Here, we are asked to decide on the basic fairness of her being bound by law to her father's contract -- and weigh with our previous decisions. If we have previously ignored the letter of the law--the fact that there is a contract with the Abyss--and made judgments in different ways, will we now conveniently resolve Una's case by debating law -- in this case, deciding that her inheriting her father's debt is unfair?

We often demand a game to have a long story and a long quest. But long stories aren't necessarily better than good stories (they just give more bang for your buck when you buy a game), and sometimes focussing on the essential emotional elements and moral conflicts -- making people stop to think by wrapping it around a story and engaging them with choices (as a computer role-playing game can, in some limited way) makes the *experience* of a story that much more fulfilling.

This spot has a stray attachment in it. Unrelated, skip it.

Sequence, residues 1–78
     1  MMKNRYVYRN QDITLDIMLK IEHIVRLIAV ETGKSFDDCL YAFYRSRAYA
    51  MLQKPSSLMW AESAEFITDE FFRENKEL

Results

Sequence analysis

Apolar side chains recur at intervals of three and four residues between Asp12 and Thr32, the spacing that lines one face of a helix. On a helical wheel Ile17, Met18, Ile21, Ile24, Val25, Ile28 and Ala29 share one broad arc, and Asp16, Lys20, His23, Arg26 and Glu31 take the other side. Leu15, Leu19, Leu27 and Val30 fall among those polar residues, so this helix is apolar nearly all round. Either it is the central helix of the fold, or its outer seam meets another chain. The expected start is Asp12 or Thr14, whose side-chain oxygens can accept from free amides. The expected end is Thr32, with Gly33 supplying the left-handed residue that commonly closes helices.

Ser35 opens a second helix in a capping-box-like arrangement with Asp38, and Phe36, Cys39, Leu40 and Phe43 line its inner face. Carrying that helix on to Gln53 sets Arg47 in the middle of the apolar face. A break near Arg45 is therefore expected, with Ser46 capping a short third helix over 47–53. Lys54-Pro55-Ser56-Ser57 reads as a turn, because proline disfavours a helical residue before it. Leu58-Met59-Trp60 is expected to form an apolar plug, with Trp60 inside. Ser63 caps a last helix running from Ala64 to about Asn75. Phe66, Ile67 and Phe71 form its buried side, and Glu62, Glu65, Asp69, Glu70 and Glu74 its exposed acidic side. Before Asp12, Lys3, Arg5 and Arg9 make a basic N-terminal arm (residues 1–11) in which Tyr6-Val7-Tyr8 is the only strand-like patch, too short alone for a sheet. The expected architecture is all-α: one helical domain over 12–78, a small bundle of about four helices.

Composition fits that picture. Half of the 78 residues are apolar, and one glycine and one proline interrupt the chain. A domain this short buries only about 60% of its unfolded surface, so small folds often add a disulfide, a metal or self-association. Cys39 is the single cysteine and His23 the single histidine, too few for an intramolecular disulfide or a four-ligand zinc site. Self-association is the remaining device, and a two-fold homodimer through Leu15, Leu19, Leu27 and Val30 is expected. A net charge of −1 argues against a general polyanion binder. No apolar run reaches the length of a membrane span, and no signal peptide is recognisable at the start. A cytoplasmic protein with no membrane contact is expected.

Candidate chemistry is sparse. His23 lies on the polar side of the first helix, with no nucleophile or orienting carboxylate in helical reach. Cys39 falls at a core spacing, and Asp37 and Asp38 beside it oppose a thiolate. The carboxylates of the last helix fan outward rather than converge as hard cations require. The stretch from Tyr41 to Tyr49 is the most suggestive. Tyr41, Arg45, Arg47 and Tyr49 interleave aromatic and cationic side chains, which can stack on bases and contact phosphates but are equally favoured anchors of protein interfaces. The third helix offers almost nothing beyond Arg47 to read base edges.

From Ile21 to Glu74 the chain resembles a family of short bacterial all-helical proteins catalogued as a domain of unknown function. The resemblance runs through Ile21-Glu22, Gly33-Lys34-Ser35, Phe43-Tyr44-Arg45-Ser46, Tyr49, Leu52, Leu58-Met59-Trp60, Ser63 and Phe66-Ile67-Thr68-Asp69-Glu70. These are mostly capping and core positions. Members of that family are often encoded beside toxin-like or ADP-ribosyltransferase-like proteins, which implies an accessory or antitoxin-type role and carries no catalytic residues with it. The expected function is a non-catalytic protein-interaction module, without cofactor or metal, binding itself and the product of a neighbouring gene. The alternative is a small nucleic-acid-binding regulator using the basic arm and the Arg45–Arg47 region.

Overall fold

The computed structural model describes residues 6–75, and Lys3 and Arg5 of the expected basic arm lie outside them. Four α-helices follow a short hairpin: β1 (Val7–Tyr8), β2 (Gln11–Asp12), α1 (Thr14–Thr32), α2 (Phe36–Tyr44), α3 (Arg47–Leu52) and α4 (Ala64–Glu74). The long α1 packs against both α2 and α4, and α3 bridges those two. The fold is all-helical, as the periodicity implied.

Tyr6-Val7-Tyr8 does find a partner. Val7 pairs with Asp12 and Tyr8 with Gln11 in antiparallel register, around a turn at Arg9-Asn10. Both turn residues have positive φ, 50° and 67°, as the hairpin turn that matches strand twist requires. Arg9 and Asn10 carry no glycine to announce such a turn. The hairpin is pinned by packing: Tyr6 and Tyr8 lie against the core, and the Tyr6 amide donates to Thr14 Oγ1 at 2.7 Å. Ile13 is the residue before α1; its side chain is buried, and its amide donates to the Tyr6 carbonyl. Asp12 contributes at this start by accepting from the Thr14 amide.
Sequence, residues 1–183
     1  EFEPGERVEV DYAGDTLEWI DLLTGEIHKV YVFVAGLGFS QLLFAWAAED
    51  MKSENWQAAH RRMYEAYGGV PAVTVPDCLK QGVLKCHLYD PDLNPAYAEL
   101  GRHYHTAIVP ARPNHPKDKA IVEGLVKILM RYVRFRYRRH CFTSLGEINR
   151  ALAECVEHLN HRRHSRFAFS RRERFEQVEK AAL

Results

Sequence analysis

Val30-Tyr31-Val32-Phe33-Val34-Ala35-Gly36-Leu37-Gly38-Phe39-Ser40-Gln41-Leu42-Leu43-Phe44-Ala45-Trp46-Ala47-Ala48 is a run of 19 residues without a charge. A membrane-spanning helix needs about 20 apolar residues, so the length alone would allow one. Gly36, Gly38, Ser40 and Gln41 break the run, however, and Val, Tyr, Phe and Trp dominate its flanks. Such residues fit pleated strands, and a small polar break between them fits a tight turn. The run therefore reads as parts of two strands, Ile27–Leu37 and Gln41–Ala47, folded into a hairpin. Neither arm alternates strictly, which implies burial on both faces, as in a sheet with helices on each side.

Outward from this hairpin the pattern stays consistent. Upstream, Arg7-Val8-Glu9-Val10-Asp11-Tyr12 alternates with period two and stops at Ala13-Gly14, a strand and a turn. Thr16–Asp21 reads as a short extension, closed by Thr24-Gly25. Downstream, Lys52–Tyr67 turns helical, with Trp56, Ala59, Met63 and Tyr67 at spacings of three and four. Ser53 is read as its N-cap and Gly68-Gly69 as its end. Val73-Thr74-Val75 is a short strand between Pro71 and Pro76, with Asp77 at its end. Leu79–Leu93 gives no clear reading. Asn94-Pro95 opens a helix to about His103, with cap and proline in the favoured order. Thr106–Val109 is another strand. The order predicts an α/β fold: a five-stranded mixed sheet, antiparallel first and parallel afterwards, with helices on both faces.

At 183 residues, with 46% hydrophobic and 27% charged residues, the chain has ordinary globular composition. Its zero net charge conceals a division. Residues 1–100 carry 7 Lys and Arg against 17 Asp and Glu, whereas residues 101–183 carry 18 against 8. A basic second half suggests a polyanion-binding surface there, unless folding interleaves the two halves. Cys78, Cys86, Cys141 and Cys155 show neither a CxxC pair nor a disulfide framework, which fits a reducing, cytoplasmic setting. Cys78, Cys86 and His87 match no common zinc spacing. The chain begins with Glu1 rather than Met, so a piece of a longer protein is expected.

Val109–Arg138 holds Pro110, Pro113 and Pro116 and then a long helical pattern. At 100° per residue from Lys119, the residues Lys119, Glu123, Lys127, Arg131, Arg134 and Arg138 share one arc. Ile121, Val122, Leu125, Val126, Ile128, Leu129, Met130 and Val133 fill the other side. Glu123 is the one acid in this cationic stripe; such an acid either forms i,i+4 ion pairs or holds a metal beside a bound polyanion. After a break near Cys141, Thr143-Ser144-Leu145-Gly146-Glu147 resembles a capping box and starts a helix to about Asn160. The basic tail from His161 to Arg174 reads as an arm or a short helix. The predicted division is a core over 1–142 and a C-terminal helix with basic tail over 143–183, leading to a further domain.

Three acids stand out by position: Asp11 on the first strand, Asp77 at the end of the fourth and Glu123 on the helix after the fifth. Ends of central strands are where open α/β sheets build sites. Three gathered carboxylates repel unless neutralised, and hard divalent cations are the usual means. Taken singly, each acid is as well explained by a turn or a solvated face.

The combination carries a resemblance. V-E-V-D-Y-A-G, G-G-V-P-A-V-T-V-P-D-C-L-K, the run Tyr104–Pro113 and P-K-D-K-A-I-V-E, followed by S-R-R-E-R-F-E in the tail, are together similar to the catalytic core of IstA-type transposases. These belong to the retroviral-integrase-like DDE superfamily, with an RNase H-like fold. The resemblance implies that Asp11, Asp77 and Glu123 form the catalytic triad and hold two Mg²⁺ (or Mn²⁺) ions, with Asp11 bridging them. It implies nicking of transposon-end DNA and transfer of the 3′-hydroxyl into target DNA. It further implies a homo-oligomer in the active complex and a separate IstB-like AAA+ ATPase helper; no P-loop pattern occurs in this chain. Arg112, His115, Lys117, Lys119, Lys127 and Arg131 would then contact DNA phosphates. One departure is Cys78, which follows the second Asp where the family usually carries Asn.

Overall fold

caine 2

Sunday, December 20, 2009

Great Stories in Spellforce 2: Dragon Storm

I recently finished playing Spellforce 2: Shadow Wars and the Dragon Storm expansion. It was for the most part standard fare, but there were a few really good subplots. These very short stories were told in bits throughout the main story arc. In this post and over the next few posts, I'll talk about some of these short but powerful stories.

One of these stories is the series of quests involving the DreamStalker.
A similar story appeared in the first Spellforce game, but the resolution was much simpler: Kill the Dream Thief. Except it was extremely difficult unless you also killed the innocent woman whose dreams it was stealing and giving him power.
In Dragon Storm, this sidestory has been re-written into a full quest.
In the city of SevenKeeps, we quickly find out that the dreams of children are being stolen, and as a result they wither away. As part of the ritual to this, four children were murdered and their dreams stolen. Each continues to linger on with painful memories, and this pain keeps the DreamStalker Sharad'Naine invincible.